Now’s the time to start pruning

If you are like many of us, trees and shrubs form the foundation of your landscape. In many cases these woody plants receive little attention from us other than making sure they are regularly watered. Occasionally, when they become overgrown or out of control we may attempt to rein them in by shearing them; often producing unattractive or dreadful results. Other times we simply pull them out and start over. The truth is that all of our trees or shrubs will benefit from regular pruning beginning with first year they are planted.

Pruning is important to the health of your trees and shrubs; when you remove branches that are dead or dying as a result of disease, severe insect infestation, damage from animals or storms or     branches that are rubbing against each other. Pruning will also encourage new growth and flower and fruit production. Another reason to prune is to improve the appearance, maintain the size or shape and/or the original purpose of your woody plants. You may want to remove unwanted branches or suckers, control the size of your plant and/or maintain its nice – but natural – shape. You may wish to prune trees or shrubs that obscure the entry to your home, cover your windows or you may be required to trim ones that obstruct the vision of drivers or pedestrians. However when a tree or shrub is pruned properly you should not be able to tell that it has been pruned.

Late winter and early spring are commonly the times for pruning most shrubs. In general you should prune out diseased and broken branches in late March or early April during cold weather while the plant and pathogens are dormant. This reduces the time the bare wound is exposed before the plant begins new growth and healing. However refrain from any additional pruning of the shrubs that flower in early spring such as azaleas, rhododendrons, forsythias, lilacs, magnolias or early blooming spireas. These should not be further pruned until after they have bloomed unless you wish to forgo the flowers for this season. These flowering shrubs have set their buds the previous summer and fall on last year’s growth. Pruning healthy live branches of these shrubs will cut off their buds.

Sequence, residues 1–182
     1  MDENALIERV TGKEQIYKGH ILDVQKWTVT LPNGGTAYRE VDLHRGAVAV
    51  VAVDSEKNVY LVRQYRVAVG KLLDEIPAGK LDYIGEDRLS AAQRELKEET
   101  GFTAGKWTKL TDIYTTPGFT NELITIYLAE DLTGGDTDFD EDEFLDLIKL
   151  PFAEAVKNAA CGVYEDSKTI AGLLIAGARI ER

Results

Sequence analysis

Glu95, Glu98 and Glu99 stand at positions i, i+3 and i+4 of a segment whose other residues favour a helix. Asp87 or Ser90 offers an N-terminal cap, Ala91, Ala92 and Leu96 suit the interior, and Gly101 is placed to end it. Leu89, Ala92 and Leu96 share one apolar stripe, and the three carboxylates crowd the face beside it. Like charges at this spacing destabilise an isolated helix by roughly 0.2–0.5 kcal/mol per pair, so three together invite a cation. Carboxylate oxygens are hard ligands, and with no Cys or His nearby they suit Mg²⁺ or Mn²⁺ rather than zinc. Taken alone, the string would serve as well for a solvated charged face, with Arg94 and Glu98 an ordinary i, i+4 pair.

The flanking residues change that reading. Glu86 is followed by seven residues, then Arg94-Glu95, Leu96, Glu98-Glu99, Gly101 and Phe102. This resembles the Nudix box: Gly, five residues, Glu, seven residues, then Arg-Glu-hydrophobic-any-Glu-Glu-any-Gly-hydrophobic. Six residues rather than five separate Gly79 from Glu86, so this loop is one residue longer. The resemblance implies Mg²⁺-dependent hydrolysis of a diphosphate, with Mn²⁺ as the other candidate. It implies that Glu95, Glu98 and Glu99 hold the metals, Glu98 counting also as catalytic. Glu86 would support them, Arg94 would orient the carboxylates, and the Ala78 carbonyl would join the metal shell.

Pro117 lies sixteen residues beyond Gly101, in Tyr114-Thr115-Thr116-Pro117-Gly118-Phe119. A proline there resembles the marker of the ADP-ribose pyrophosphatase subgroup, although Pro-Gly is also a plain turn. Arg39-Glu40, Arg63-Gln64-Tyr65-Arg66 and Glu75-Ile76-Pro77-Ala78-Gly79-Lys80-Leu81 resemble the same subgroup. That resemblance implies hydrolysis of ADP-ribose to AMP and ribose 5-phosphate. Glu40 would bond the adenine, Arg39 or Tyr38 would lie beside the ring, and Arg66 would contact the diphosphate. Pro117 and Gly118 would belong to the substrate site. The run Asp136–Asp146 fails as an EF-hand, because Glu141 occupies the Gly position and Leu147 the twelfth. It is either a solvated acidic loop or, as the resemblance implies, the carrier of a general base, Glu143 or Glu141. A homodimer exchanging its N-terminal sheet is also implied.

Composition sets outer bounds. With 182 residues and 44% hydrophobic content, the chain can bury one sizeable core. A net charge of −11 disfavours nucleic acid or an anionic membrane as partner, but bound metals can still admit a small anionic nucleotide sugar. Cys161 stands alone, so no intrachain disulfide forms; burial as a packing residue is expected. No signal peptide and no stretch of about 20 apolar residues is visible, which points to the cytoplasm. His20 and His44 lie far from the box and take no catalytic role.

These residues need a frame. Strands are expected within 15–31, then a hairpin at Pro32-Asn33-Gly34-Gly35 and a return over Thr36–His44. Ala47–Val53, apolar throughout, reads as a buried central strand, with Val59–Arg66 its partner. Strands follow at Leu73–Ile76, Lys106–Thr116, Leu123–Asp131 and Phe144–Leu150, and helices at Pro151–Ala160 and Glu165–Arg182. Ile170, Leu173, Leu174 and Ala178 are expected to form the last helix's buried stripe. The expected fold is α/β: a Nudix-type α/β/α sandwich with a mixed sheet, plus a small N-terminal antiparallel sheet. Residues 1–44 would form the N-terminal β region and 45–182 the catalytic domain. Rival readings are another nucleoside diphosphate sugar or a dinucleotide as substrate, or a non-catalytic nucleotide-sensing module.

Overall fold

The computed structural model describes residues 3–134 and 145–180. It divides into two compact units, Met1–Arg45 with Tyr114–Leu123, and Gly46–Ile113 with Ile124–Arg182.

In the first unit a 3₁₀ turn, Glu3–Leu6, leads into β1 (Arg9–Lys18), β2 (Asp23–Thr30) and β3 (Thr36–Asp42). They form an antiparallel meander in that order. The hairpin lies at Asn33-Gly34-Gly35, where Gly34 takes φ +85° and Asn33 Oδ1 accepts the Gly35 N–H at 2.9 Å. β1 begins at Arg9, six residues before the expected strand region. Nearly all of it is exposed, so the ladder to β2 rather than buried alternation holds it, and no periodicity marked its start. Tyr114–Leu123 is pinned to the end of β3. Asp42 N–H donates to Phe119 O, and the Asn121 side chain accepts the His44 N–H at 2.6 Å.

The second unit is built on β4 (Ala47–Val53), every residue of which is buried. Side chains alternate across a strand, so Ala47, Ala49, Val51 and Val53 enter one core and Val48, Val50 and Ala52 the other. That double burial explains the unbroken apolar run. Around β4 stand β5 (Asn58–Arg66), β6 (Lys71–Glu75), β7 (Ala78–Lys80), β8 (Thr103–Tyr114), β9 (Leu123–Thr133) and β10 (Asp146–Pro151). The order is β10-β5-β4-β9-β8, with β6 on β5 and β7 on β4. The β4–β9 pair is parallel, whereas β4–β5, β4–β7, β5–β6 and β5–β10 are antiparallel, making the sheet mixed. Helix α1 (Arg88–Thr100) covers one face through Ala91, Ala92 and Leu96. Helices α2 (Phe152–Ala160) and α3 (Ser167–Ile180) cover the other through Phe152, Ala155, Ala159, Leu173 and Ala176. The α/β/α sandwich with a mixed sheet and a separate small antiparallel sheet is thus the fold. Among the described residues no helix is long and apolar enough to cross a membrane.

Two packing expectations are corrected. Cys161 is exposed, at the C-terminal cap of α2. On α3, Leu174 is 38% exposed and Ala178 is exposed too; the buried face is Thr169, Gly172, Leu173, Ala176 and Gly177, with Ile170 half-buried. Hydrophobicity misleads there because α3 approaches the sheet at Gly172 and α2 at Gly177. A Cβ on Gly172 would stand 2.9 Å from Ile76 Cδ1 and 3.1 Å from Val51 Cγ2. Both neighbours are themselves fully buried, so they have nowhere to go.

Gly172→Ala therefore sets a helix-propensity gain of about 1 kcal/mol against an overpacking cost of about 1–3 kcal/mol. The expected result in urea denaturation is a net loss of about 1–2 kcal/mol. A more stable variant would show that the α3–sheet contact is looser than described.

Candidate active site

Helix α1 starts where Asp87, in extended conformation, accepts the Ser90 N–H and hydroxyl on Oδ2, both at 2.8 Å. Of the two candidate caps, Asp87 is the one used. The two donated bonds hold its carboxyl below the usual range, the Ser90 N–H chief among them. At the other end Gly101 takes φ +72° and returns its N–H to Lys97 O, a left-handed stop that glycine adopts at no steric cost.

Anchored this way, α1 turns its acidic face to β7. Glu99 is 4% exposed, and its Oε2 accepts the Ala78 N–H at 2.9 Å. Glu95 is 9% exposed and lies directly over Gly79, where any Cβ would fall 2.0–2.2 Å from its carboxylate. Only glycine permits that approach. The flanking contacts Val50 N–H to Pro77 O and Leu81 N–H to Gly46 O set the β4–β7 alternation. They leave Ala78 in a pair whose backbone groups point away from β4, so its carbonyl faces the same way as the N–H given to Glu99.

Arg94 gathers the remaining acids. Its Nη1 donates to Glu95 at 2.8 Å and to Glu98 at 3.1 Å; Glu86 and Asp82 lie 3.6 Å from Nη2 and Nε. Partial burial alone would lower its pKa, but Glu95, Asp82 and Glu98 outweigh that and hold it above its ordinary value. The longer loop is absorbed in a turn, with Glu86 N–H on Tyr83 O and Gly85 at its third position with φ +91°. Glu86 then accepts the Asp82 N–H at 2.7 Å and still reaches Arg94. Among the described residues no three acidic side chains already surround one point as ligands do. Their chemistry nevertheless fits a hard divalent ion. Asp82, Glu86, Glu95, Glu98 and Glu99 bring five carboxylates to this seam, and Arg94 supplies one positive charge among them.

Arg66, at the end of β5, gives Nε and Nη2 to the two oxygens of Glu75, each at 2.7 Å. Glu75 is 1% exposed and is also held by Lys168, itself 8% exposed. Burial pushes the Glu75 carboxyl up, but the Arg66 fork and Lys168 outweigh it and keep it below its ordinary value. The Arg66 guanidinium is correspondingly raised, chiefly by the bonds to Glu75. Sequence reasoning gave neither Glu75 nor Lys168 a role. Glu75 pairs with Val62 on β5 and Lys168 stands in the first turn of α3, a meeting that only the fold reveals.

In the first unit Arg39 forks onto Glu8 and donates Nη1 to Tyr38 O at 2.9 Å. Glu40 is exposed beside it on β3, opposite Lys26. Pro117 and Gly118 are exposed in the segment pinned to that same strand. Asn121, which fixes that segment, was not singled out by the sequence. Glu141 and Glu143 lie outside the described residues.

Shrubs that bloom later in the summer or are grown primarily for their foliage such as barberry, burning bush, dogwood, honeysuckle, ninebark, smoke bush and sumac should be pruned before the new growth starts in late winter or early spring. Plants that bloom on new growth in the spring, such as clematis and shrub roses, should be pruned at this time as well by cutting back to live wood. Later blooming spireas and hydrangeas can be cut down to above the first buds above the ground. This will lead to vigorous stem growth that will form buds that open in summer or fall.

Thinning is one method of pruning, especially effective for shrubs that produce multiple stems from the crown. Removing a few of the oldest and largest stems at the ground annually encourages new growth and flower production while maintaining the natural shape. Never remove more than 1/3 of the stems in one year so that enough foliage will remain to support new growth. New growth on deciduous shrubs usually occurs at the ends of the branches. Trimming the ends encourages side shoots, producing a bushier and fuller shrub while controlling size. Branches can be trimmed back to within 1/4” of a larger branch or bud. “Pinching” is removing just the bud tip to encourage side shoots, especially effective in helping young shrubs to fill out. Shearing is removing all new growth usually used to maintain a formal shape or a hedge. When shearing you should always leave at least 1” of the previous growth so the shrub can start new growth.

With attention to pruning you can maintain the shrubs in your landscape for many years to come. You can learn more about pruning from a certified arborist at the Victory Neighborhood Associations Spring Garden Workshop on Saturday, April 7 at Webber Park beginning at 9:30 a.m. All are welcome.